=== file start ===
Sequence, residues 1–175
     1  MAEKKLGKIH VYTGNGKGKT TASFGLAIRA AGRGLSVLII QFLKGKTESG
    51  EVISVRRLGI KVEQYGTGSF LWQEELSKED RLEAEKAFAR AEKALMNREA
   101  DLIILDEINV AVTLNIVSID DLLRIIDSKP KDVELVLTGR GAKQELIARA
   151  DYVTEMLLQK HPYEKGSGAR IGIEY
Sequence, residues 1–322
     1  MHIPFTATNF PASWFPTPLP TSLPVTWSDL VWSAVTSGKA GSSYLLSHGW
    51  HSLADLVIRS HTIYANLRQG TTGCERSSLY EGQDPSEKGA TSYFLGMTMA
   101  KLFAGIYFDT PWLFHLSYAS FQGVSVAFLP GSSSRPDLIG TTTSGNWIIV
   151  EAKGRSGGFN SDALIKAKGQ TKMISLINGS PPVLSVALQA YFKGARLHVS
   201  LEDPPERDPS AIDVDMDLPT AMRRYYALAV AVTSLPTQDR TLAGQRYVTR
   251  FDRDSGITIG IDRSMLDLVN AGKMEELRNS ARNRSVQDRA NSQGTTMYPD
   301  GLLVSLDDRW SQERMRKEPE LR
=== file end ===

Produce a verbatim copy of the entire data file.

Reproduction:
Sequence, residues 1–175
     1  MAEKKLGKIH VYTGNGKGKT TASFGLAIRA AGRGLSVLII QFLKGKTESG
    51  EVISVRRLGI KVEQYGTGSF LWQEELSKED RLEAEKAFAR AEKALMNREA
   101  DLIILDEINV AVTLNIVSID DLLRIIDSKP KDVELVLTGR GAKQELIARA
   151  DYVTEMLLQK HPYEKGSGAR IGIEY
Sequence, residues 1–322
     1  MHIPFTATNF PASWFPTPLP TSLPVTWSDL VWSAVTSGKA GSSYLLSHGW
    51  HSLADLVIRS HTIYANLRQG TTGCERSSLY EGQDPSEKGA TSYFLGMTMA
   101  KLFAGIYFDT PWLFHLSYAS FQGVSVAFLP GSSSRPDLIG TTTSGNWIIV
   151  EAKGRSGGFN SDALIKAKGQ TKMISLINGS PPVLSVALQA YFKGARLHVS
   201  LEDPPERDPS AIDVDMDLPT AMRRYYALAV AVTSLPTQDR TLAGQRYVTR
   251  FDRDSGITIG IDRSMLDLVN AGKMEELRNS ARNRSVQDRA NSQGTTMYPD
   301  GLLVSLDDRW SQERMRKEPE LR